He’s been intensely frustrated, as of late, by the limitations my wife and I have placed on his hobby. He wants to express himself under a bridge or on the wall of an abandoned building. I have explained to him that these places are dangerous, he is ten, and the activity is illegal. He performed a Google search of legal graffiti walls, finding one in Bloomington, and began making excited plans. Upon further research, however, he realized that the legal wall he had found actually exists in Bloomington, Indiana rather than the nearby suburb that claims home to the Mall of America. I looked over his shoulder one morning as he watched YouTube in his pajamas. Someone with a paint marker was bombing mailboxes with their tag. The blue boxes were cylindrical, another country I presumed. I told him angrily that he was getting obsessed and cut off his YouTube access for a few days.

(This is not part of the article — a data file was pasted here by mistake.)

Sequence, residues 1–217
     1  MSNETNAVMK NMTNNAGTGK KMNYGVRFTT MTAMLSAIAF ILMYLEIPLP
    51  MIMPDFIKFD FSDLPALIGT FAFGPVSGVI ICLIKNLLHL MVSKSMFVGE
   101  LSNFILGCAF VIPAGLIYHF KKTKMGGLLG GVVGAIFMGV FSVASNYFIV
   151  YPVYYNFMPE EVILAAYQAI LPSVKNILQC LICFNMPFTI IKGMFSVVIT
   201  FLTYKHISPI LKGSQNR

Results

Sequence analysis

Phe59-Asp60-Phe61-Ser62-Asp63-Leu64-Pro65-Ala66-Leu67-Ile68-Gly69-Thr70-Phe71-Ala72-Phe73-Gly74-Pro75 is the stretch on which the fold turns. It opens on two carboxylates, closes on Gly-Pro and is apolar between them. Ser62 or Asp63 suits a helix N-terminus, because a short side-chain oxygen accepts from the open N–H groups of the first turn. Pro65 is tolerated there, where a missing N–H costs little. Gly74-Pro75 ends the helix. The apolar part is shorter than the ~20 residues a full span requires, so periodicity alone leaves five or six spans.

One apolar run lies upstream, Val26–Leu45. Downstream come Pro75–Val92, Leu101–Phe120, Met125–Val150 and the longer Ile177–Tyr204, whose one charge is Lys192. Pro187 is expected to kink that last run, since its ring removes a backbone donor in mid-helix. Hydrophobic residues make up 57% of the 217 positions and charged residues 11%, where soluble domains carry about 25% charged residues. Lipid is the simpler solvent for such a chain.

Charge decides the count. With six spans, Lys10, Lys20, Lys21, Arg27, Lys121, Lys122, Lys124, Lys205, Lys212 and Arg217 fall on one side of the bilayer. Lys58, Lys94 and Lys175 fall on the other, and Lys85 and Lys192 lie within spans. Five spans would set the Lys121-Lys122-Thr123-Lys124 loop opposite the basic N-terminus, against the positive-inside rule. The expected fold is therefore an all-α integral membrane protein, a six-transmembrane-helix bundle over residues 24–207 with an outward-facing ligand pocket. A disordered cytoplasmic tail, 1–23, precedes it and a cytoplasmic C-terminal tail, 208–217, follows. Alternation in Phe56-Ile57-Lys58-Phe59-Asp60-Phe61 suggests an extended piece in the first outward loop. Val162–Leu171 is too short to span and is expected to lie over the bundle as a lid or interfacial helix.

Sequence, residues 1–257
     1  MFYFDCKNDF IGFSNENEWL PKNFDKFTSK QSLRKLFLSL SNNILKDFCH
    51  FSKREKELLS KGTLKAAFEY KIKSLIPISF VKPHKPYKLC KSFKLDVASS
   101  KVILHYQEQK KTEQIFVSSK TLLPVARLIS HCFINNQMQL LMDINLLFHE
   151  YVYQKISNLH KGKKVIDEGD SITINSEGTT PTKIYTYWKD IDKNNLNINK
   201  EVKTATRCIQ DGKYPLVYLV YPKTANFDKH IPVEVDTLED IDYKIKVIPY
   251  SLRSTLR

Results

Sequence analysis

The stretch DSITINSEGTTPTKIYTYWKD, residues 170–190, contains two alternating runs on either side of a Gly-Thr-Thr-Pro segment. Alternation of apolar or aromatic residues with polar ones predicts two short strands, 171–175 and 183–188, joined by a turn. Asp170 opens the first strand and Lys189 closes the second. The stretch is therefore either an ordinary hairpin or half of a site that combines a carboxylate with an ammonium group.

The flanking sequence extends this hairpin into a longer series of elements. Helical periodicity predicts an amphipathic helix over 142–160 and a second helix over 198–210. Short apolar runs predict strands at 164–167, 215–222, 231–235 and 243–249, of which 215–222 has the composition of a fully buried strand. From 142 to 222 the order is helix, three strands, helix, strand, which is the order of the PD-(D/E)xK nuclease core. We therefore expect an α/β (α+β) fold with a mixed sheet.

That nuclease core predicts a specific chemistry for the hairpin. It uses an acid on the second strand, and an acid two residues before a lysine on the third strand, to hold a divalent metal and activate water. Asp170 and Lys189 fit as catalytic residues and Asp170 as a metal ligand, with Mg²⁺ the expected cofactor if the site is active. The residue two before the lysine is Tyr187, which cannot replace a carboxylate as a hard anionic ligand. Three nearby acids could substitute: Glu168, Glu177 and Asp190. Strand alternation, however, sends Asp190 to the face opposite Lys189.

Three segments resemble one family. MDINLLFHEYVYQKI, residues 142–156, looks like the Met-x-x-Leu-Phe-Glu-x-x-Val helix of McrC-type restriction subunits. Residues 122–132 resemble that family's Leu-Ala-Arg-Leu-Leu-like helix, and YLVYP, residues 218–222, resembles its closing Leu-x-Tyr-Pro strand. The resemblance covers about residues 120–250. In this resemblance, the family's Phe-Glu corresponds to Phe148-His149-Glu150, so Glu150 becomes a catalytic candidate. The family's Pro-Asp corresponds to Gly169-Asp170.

With this parenting drama in mind, I chuckle when I see the heavily graffitied loading dock of the Minnehaha Post Office. The remaining walls would make a perfect canvas for his efforts, but it doesn’t seem worth jeopardizing my employment to satisfy his artistic cravings. The property is fenced but the gate wide open. I decide to have a look around. To my knowledge, no arrests have yet been made for the arson or the destruction of vehicles. The two post offices destroyed in the riots will soon be operating out of the city-owned former-Kmart building on Nicollet Avenue.